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Database Provider

Author

The Kid Should See This

Grades

6th, 7th, 8th, 9th, 10th, 11th, 12th

Subjects

Science, Biology, English Language Arts

Resource Types

  • Videos, 5 minutes, 12 seconds, CC, Subtitles
  • Videos, 4 minutes, 33 seconds, CC, Subtitles
  • Articles and Websites

Regional Focus

Global, North America, United States, USA - Midwest, Illinois

Gardening and the Science of Food

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Synopsis
  • This article and corresponding videos highlight communities in Illinois that are using science to grow sustainable foods, creating circular economies, and building stronger communities.
  • Students will hear poems about nature, learn about the importance of plants in ecosystems, and learn about Plant Chicago and The Plant, organizations that are using permaculture, aquaponics, and other sustainable methods to grow food in a sustainable way, using renewable energy and sustainable and recycled materials to support a circular economy and provide healthy, local food to a community in need.
Teaching Tips

Positives

  • This video features inspiring interviews with individuals who are helping to make a difference in food deserts.
  • This resource includes links to more than 10 additional sites that can help provide background knowledge and additional learning on the topics addressed.

Additional Prerequisites

  • Some students with limited background knowledge on food deserts might benefit from some pre-teaching using other resources on our site.
  • The "What's Good" link is broken, but this PBS series can be found on YouTube or PBS.

Differentiation

  • This resource provides links to a number of other resources, so teachers should plan ahead which topics students should research, allowing some learners to focus on food deserts, aquaponics, or a no-waste economy.
  • Extension activities might include watching the "Bonus" link at the end and then designing a sustainability project for your school or community.
  • Have students connect this video to climate change by investigating the top solutions to climate change from this resource and applying that information to this resource about soil and the climate.
  • Ask students to research and report on another inspiring story of community sustainability improvement, such as this video about radical gardeners in New York City or this story of a community activist who started an urban farm in the Bronx.
Scientist Notes
This resource contains two videos and an article about Plant Chicago, a non-profit who focuses on creating a circular economy, and helping to improve food deserts in Chicago. The first video focuses on the gardening aspect and briefly mention permacultures, aquaponics, and other sustainable gardening practices. The second video focuses on the farmers market and circular economy in more detail. The article gives more background on the videos and contains links to more information. These links either lead to Wikipedia pages, other The Kids Should See This content or the PBS Kids website. As a note the PBS What’s Good page is no longer up, but the videos can be found on their YouTube channel. These videos are quick, uplifting, and give a nice introduction to the topics mentioned. This resource does not go into detail about many of these topics, so more resources may be needed if students have questions, or a more in-depth lesson is desired. However, this resource is recommended for teaching.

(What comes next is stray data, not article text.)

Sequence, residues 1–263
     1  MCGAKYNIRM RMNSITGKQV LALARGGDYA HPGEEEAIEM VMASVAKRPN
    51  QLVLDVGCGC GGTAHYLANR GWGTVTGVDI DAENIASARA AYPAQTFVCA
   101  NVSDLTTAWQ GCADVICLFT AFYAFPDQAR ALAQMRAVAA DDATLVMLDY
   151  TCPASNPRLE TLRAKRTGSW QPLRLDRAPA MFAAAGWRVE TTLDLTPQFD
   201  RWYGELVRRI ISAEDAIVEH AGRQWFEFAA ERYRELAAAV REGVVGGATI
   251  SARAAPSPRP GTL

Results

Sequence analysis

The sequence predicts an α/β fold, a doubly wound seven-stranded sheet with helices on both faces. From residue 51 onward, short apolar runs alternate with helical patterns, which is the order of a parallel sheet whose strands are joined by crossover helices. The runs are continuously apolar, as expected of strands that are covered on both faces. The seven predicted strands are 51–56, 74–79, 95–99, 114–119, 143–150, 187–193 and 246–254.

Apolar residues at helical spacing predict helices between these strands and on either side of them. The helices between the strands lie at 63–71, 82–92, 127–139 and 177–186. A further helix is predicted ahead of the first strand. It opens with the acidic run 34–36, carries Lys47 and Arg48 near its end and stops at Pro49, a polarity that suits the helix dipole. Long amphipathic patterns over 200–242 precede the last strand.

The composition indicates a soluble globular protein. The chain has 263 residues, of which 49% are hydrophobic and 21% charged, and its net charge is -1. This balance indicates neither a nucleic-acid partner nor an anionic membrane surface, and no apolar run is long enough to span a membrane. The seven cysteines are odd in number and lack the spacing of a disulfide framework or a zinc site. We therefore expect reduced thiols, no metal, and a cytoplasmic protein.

Standards
  • Science
    • ESS3: Earth and Human Activity
      • MS-ESS3-4. Construct an argument supported by evidence for how increases in human population and per-capita consumption of natural resources impact Earth’s systems.
      • HS-ESS3-4. Evaluate or refine a technological solution that reduces impacts of human activities on natural systems.
  • English Language Arts
    • Reading (K-12)
      • R.11-12.2 Objectively and accurately summarize a complex text to determine two or more themes or central ideas and analyze their development, including how they emerge and are shaped and refined by specific details. (RI&RL)
    • Speaking & Listening (K-12)
      • SL.7.3 Understand and evaluate a speaker’s argument and specific claims, evaluating the soundness of the reasoning and the relevance and sufficiency of the evidence.
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